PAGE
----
Last night’s Philadelphia XML Users Group was a pleasant mix of the old and the new: Jim Caine of Jaquette Consulting revisited an earlier talk on content reuse that touched on DITA and Documentum among other things.
Named for today’s birthday boy, the Darwin Information Typing Architecture (DITA) is a simple XML application (in the xml sense) that models information around authoring units like topics and references instead of publishing like documents and books. It’s meant to be extensible (in the OO sense) rather than definitive. Somehow DITA never crossed my path until a few months ago, but it represents another step towards the Grail of structured authoring/publishing that I worked on 15 years ago.
Jim’s project involved moving an insurance institute’s learning resources into a single repository and allowing them to create a variety of products (real books, eLearning, flash cards, etc.) from the same content. The project started last year; Jim first presented on the project back then and gave the group a look at how practice deviated from theory. He did some really smart things to facilitate reuse like referencing XML wrappers for external entities like images. This allows reuse of data and the metadata. Kudos to WordPress for a similar albeit not XML approach to images and galleries. I’ll post a link to his presentation when it hits the web.
Turns out that authoring structured content is still the hard part. The original plan involved a Word plug-in to allow authors to create valid structured content at the very beginning. This good idea hit some bumps because of vendor support issues and was the hardest conceptual change to make in the whole process. Authors used to writing a single document now wrote up to a dozen separate learning objects, a subtype of topic. Deja vu all over again.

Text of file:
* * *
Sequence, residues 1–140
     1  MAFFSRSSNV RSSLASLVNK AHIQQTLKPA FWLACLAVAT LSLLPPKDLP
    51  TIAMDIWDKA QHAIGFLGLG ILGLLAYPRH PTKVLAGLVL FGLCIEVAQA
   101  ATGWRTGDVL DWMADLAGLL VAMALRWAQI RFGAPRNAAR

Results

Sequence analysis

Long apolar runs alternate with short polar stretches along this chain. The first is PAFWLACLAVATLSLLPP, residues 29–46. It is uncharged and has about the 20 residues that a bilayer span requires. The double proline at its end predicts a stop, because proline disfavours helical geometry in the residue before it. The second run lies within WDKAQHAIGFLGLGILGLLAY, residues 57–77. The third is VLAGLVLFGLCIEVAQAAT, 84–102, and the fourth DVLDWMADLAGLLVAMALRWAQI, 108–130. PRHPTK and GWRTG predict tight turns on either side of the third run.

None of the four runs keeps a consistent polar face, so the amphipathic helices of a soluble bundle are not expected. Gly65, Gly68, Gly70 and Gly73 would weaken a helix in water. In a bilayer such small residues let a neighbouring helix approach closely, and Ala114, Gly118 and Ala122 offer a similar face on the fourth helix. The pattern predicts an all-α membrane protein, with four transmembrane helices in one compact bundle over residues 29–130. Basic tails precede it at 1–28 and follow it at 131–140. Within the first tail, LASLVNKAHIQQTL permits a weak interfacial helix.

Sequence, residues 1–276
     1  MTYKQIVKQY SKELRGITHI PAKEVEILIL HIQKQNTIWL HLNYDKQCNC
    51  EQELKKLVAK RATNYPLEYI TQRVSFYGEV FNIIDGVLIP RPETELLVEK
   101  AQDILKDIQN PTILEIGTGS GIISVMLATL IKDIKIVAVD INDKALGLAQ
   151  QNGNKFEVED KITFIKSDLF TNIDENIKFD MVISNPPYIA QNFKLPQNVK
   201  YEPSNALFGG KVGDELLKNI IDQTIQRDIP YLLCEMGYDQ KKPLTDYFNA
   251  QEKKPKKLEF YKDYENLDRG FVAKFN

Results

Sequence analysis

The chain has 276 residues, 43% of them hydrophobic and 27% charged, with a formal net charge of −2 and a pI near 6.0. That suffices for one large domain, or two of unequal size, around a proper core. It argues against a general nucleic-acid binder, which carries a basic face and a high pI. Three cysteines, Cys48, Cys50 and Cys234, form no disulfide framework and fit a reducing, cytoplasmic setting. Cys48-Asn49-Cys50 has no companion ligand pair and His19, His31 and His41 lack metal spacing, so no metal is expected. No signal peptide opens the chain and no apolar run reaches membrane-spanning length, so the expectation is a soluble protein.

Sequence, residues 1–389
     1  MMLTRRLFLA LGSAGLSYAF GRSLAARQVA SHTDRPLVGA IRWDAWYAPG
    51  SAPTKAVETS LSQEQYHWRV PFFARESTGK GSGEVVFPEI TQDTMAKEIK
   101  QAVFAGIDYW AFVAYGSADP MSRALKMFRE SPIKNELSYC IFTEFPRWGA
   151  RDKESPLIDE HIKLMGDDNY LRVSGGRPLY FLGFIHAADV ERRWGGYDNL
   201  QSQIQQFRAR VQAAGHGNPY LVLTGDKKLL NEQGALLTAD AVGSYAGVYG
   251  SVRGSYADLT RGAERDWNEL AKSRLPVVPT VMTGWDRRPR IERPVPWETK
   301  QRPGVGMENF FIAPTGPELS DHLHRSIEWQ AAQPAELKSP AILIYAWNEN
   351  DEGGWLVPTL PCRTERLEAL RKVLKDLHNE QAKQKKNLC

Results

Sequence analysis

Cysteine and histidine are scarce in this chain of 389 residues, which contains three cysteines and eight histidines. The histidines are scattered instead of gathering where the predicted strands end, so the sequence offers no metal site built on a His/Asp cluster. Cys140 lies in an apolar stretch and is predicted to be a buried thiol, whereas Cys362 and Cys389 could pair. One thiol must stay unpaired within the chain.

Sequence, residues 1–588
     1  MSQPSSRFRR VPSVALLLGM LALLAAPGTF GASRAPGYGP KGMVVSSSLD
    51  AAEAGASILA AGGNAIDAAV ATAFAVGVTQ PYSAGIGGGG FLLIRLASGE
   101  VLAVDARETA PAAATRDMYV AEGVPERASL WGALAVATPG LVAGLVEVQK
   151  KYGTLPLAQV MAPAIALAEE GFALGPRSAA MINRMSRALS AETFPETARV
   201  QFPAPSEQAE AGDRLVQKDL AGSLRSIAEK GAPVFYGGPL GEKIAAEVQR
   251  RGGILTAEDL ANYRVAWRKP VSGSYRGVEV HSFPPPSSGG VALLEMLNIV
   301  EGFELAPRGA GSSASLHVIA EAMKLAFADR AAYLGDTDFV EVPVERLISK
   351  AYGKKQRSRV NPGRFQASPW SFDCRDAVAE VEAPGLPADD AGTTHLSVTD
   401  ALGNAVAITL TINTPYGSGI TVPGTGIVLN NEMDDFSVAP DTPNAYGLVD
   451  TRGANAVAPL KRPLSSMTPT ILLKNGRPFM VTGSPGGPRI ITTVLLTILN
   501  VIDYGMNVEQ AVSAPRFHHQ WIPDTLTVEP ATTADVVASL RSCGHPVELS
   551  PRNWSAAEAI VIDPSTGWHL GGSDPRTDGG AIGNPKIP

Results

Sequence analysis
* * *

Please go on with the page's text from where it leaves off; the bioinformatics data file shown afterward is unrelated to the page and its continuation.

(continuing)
A very few actors in the content creation process have a very lively editorial cycle. We’re talking major rewrites, not “you missed a comma here” kinds of things. This wasn’t a problem back on RDMS: We dealt more with multiple authors and a review process than the more traditional author/editor interaction going on here. Even in legal review and approval, I’m used to all actors being subject matter experts, often getting more experty the further along in the lifecycle you go. Not so in this case–and publishing in general I’d guess.
Here comes more deja-vu-all-over-again: The plugin couldn’t handle the actors’ heavy dependence on Word collaboration features like Track Changes. It’s easy to get lulled into a false sense of security by an oh-so-pretty model for the final product of the authoring process. That Emerald City architectural view of content hides all the information and processing necessary to get to that end. This particular problem has sparked some heavy flirtation between authoring, wikis, and DITA happening in my head, just in time for Valentine’s Day.
Jim’s use of XML Applications (in the Documentum sense) worked well with DITA’s topics and maps. No big surprise there, but the marriage of DITA maps and Documentum virtual documents came with the usual toilet-seat-down relationship problems, especially because of webtop’s weak handling of virtual documents. A post-editorial staff using XMetaL bears the brunt of the bickering, so authors are left to worry about intellectual property, not scaffolding, as it should be.
Most of my work lately has centered on document dumping grounds. Records management, eDiscovery, and transactional content management don’t concern themselves with the processes of actually making content. It was great to see what’s happening on the other side again, and I’ve been stupid for not attending this group sooner. Such is the life of a freelance.
One special note: The Users Group had brownies for Valentine’s Day. Mmm, tasty! I suggested that publicizing food at meetings might be some great marketing. It might also require a bigger conference room for several reasons!